- Mass Market Paperback: 217 pages
- Publisher: Collier; Reprint. edition (1970)
- Language: English
- ASIN: B000OB2GPC
- Product Dimensions: 6.9 x 4 x 0.7 inches
- Shipping Weight: 4.8 ounces
- Average Customer Review: 4.0 out of 5 stars See all reviews (2 customer reviews)
- Amazon Best Sellers Rank: #2,245,291 in Books (See Top 100 in Books)
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The Horse and His Boy (Chronicles of Narnia, Book 5) Mass Market Paperback – 1970
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Top Customer Reviews
While Lewis wrote this book fifth, it takes place during the original reign of the Pevensies during the last chapter of The Lion, the Witch and the Wardrobe. The only reason for this chronological decision is so that Lewis can bring the Pevensies back in supporting roles, which he does (plus Mr. Tumnus). And it is nice to see them as adults, more mature but still distinctly the same characters.
I trust it will not be too great an affront to Lewis to say that this story reads like The Prince and the Pauper by way of Arabian Nights. Not that there's anything wrong with the story; it's well-told, but it doesn't feel particularly imaginative, and that's what separates the good Narnia stories from the great ones. The Horse and His Boy feels too much like Lewis took a number of trusty old story elements and gave them the Narnia treatment.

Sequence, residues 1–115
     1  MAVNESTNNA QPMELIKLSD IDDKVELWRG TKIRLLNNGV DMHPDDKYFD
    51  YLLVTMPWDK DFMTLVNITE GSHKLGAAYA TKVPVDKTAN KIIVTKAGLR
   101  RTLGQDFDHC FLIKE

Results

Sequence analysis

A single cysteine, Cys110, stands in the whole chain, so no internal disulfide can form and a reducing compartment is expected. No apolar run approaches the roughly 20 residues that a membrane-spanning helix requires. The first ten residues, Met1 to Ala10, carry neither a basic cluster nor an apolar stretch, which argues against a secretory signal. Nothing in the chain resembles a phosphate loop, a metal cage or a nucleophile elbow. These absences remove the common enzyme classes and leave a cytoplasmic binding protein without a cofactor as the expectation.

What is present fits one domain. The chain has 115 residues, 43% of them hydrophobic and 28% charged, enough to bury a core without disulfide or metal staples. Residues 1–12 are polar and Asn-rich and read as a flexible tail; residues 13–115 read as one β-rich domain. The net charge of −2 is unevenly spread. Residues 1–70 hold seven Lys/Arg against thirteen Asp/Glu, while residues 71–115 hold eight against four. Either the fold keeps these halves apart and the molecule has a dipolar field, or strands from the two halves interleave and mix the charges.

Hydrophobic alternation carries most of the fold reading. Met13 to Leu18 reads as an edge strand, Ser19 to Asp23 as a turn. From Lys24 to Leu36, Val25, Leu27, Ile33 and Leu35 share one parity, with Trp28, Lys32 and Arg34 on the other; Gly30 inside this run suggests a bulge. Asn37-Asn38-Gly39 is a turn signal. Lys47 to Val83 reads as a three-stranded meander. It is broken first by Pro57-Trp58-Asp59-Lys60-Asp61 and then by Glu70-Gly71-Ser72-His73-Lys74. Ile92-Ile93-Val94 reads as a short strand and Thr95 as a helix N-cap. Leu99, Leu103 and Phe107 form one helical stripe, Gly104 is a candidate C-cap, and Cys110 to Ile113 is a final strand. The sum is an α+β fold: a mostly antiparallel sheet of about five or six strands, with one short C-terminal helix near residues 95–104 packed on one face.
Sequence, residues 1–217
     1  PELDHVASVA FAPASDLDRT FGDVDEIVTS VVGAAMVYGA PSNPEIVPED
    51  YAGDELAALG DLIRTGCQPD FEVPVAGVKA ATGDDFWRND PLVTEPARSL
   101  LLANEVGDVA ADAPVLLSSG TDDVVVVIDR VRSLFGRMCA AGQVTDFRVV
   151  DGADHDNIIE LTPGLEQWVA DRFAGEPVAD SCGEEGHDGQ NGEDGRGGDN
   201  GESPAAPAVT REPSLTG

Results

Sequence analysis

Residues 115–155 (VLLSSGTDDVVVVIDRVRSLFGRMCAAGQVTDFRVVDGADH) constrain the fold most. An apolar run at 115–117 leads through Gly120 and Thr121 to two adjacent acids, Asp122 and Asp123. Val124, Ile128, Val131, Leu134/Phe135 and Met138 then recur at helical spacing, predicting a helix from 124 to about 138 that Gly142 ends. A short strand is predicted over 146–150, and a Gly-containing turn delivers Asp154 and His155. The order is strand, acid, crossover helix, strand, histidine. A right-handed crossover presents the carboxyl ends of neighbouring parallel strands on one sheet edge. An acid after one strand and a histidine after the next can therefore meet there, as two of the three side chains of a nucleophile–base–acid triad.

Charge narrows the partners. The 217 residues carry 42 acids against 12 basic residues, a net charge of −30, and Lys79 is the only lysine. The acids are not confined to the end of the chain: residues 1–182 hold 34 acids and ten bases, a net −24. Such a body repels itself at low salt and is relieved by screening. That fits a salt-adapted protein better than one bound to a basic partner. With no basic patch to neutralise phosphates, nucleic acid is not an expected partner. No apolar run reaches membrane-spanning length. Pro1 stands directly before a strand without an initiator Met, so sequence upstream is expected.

This is the only book in the series where children from Earth are not prominent characters (there's not much time spent in Narnia, either), and that alone gives The Horse and His Boy a different feel from the rest. But this isn't Lewis's best set of characters. Shasta is decent enough, but I feel like we've seen him before, in Twain and elsewhere. While the horses have their own personalities, they don't add much to the story. A highlight is Aravis (another character we've seen before), in whom Lewis has the strongest female character in the series. (Aslan, as usual, steals most of his scenes.Read more ›